The key is to not let your emotions color your perception of the world. Ryan not only provides a great review of stoicism, he does an excellent job at articulating exactly how this school of thought can be applied to any problems that you might be facing now as you try to advance your career The Obstacle is the Way digs into how knowledge and reason are in fact the highest good, as well as how to stay indifferent to pleasure and pain and how to respond to the vicissitudes of fortune objectively.
Ryan not only provides a great review of stoicism, he does an excellent job at articulating exactly how this school of thought can be applied to any problems that you might be facing now as you try to advance your career or transition from academia into a new career. He also provides an ample number of takeaways in the book. The Obstacle is the Way goes beyond the philosophy of stoicism simply by making the philosophy actionable. Reading this book will make you take action. Rational action. If you're looking to: -Take your career to the next level by getting a promotion even though someone else is standing in your way -Transition out of academia and into a new career to finally get paid what you're worth even though you don't have any business connections -Quit your job and start your own business so you never have to work for anyone again even though you don't know how to run a business The Obstacle is the Way is rooted in concrete, everlasting principles, not processes or fads that come and go with the wind.
By reading this book, you will understand these principles and you will be able to make use of them to get what you want. If you want to get ahead, the Obstacle is the Way is highly recommended. May 21, Andrew McMillen rated it it was amazing. I don't know whether the author intended it to be read as such, but to me this is nothing if not a motivational book.
Rooted in actionable philosophy that seeks to flip readers' perception of any problematic event into an opportunity, 'Obstacle''s inner message is that, ultimately, the only thing standing between success and failure is yourself. His writing style here is sharp, succinct and authoritative, and clearly influenced by the approach of Holiday's mentor — and another favourite author o I don't know whether the author intended it to be read as such, but to me this is nothing if not a motivational book.
His writing style here is sharp, succinct and authoritative, and clearly influenced by the approach of Holiday's mentor — and another favourite author of mine — Robert Greene 'The 48 Laws of Power', 'Mastery'. By drawing on notable historical examples and showing the strategies these well-known figures used to overcome challenges in their lives, the reader is shown a clear path between intent, action and outcome. A short read at around pages presented in a small 'pocketbook' format, this is a huge and ballsy departure from Holiday's first book, 'Trust Me, I'm Lying: Confessions of a Media Manipulator'.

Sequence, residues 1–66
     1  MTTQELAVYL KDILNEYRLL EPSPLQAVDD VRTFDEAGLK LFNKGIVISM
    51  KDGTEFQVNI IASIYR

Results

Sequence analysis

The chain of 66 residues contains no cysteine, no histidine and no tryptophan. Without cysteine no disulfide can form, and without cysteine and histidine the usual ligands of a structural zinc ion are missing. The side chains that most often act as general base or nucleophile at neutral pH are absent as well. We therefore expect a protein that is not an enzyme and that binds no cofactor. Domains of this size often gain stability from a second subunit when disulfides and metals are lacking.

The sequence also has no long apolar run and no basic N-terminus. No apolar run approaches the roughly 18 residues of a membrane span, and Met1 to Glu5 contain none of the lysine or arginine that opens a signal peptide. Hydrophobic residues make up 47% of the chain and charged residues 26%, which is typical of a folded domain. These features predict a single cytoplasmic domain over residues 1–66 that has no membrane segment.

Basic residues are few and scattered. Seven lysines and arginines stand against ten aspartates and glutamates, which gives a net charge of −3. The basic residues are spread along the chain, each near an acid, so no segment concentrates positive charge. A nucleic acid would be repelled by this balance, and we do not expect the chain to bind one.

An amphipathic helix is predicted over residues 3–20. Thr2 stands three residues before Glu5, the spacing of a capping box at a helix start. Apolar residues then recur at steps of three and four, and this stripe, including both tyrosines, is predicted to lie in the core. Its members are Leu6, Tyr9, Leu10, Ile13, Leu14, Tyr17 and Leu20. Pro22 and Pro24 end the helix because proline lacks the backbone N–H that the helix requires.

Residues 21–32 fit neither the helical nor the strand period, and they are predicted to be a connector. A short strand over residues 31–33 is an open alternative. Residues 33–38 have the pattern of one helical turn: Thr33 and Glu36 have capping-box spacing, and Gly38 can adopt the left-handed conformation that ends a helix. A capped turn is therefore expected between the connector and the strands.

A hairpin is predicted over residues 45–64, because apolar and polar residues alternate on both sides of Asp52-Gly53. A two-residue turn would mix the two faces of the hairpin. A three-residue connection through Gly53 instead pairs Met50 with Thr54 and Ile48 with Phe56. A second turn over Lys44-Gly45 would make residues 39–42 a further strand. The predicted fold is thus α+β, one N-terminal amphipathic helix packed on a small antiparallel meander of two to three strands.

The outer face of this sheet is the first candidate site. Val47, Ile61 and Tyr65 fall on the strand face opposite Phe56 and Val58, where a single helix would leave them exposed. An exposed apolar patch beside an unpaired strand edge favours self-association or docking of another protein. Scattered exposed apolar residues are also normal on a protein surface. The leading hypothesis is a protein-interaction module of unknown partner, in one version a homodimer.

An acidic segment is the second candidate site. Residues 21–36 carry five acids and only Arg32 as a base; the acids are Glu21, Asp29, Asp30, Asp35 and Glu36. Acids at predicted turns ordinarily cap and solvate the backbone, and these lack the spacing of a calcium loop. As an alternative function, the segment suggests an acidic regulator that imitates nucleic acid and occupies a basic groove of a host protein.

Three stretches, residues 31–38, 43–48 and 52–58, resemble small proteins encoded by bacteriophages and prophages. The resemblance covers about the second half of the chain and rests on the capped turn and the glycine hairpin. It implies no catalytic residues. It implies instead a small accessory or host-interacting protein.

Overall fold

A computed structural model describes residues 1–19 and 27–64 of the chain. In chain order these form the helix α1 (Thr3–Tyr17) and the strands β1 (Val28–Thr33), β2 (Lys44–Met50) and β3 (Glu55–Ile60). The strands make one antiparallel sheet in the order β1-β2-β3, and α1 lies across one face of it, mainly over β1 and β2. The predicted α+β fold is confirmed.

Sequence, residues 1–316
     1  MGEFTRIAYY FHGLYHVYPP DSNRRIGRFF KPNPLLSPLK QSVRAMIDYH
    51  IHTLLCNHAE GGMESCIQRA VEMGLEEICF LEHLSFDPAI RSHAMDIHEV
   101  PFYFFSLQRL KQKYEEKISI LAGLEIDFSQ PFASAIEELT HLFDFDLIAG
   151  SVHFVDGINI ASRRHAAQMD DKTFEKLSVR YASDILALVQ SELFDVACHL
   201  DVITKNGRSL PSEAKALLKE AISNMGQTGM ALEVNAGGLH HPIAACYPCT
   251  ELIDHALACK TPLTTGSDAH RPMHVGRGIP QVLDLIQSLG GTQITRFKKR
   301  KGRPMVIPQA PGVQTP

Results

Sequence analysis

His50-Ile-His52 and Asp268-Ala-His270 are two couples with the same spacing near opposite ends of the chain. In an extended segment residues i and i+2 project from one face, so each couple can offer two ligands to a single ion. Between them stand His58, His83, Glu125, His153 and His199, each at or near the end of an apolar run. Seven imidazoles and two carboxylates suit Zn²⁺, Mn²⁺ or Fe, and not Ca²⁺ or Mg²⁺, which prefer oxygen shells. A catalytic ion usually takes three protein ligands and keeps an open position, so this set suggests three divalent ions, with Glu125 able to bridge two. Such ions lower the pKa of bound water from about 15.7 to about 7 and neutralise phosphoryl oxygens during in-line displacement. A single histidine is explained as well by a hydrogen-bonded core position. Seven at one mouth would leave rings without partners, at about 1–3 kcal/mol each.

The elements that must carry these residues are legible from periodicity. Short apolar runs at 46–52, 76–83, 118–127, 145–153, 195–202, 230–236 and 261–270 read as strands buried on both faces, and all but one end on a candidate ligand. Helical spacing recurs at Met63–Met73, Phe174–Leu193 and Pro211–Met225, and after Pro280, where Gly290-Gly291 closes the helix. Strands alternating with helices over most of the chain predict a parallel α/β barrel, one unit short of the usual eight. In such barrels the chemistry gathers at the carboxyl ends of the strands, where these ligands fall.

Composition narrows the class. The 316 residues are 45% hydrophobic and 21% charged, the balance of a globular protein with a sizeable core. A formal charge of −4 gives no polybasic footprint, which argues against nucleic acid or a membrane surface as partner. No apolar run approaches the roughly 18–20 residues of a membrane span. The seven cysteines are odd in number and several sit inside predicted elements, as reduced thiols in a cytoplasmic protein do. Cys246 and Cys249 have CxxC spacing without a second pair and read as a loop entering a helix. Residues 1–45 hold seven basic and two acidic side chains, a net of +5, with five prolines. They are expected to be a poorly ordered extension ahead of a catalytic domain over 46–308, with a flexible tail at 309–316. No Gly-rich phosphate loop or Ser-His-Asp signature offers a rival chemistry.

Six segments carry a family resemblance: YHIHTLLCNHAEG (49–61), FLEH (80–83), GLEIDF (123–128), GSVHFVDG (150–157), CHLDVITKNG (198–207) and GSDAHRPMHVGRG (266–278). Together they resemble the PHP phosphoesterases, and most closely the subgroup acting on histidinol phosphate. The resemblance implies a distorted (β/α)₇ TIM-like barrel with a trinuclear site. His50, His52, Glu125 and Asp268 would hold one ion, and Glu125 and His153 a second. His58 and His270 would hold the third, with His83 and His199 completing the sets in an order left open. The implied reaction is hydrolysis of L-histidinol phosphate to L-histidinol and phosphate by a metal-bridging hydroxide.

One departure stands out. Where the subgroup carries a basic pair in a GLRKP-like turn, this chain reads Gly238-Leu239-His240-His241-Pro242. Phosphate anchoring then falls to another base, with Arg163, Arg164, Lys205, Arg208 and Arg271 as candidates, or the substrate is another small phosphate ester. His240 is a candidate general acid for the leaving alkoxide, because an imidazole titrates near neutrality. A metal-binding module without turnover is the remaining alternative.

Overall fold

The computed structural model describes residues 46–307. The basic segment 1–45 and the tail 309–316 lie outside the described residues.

It's a text that I can easily see myself returning to in times of need, just as I do with 'The 48 Laws of Power' and 'Mastery'. Aug 12, Peter Goutis rated it it was ok. I really wanted to like this. Ryan seems like a smart guy. But I just found it tedious to get through.
It was very repetitive and "cheerleady" okay, I know that's not a word. I have specialized in helping people transform their lives for several decades.
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By bringing personal stories of adversity, triumph, failure, and humor into my presentations, the audiences really respond and remember the material I have specialized in helping people transform their lives for several decades. One such benefit is simply this: in going through a terrible trial—say a terrible illness or a great loss—and surviving it, we become uniquely positioned to offer support and hope to others going through the same thing in the future. Even if an obstacle prevents you from attaining your goal, in the act of working hard to overcome it, you'll undoubtedly learn something that will serve you well in the future.
Holiday's book acknowledges all of this and does one more crucial thing: it includes examples of people from history who've turned obstacles in front of them into the way forward. What made this book such a wonderful read for me—what makes it so useful to someone who already knows all these principles and strives to live by them every day—is that the stories it tells offer what is perhaps the most effective kind of help that anyone who's going through a difficult time needs: encouragement. What we need when the going gets tough isn't a blueprint that offers a series of steps to solve a problem for no such blueprint could ever cover all possible problems with enough specificity to be useful , but rather a series of stories that will convince us that we can figure out the steps to solving our problems ourselves.
For in my experience, believing you can succeed when you don't know exactly how is the most difficult of beliefs to muster, but the one you must in order to do as Holiday argues we can: turn all our trials into triumph. For the last several years, I viewed my divorce in a purely negative way. Lots of people kept reciting the "silver lining" philosophy. I like this articles perspective on it better. My divorce was my obstacle to my happiness, I'm now using it to find my way to greater happiness.
If you've never seen the movie "Peaceful Warrior," I think you'd enjoy it. There's a great line in the movie from a mentor to his collegiate gymnast disciple who has undergone a horrific accident. After the kid heals, he asks his mentor, "What do you think I should do? Thanks for the article.
Lesser is a co-founder of The Omega Institute and a beautiful writer. Her book is based on the same principle the author espouses in this article: Reading stories of others' trials and transformations is one of the best ways to keep walking the difficult, but often inevitable, path before us. I used a whole lifetime of adversity to win a scholarship I wrote about my life of overcoming and thriving and won a scholarship and am a Sophomore in college at 68!